Looks fairly tranquil, doesn't it? A pity those two windowboxes either side of the small table are STILL waiting to be planted up...
The back border is a bit, um, unfocused. The bananas are doing well, but they're above head height. Some things have got chewed and don't look very good (mainly the heucherella, which I think I will replace with heuchera). On the lefthand side of the garden, the eucalyptus is out of control, aided and abetted by the fatsia, so everything has become very shaded. I must prune. On the right, the clematis I kindly supplied with clematis netting earlier in the year hasn't managed to cover it yet. How's that for gratitude? Will green plastic clematis netting show up against a dark brown fence? Probably.
The offending clematis netting. Another judiciously placed pot of Canna 'Pretoria' may take care of it
Is there anything that's doing really well? Yes, the goldfish. These are all named after characters from Lord of the Rings. (What can I say: teenage kids; Tolkien; go figure.) We started off with Gandalf, Galadriel, Frodo and Bilbo, and then they started breeding, so I've lost track of exactly which one is Merry, or Pippin, or Strider. To be honest, I could never keep track of exactly which character was which when I read the book. I'm sorry, but personally I'm not a Tolkien fan. Tolkien for me is a bit like Monty Don or Tony Blair: everyone else seems to love him, but I just don't see the appeal. However, if you're going to keep goldfish in your pond and want literary names for them, it's a good idea to choose a long book with lots of characters, or a profilic author like Dickens or Trollope to inspire your choice. The buggers breed like crazy.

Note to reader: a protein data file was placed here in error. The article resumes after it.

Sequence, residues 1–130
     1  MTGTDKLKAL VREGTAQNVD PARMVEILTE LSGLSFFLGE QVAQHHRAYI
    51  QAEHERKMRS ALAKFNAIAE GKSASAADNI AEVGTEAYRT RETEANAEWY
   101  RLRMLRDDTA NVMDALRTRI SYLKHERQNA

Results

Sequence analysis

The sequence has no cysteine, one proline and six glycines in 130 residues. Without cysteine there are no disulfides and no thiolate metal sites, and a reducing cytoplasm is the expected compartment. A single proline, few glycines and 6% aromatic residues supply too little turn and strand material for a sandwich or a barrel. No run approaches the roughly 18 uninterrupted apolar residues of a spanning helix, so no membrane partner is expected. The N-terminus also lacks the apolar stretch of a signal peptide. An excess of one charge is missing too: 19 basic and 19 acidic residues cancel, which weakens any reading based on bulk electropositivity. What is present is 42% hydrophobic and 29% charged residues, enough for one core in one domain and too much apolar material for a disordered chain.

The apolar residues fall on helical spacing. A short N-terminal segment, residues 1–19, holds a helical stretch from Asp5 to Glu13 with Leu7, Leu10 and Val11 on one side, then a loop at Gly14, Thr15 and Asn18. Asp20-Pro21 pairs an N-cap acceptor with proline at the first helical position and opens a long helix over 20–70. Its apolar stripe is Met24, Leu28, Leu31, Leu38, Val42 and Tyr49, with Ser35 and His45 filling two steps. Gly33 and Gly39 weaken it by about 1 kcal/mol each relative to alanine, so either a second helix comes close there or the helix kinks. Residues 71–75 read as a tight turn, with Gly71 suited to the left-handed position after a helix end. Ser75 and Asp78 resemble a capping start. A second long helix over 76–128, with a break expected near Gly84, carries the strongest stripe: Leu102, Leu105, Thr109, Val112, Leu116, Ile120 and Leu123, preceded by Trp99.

The pond. Aka Hobbiton
The best thing, I find, when you're trying to make your garden look presentable, is to start with the obvious things. If you have a lawn, you'll want to mow it, but also make sure the edges are pristine and neatly clipped. It costs nothing (apart from an hour or so of your labour), and the whole garden will look instantly better.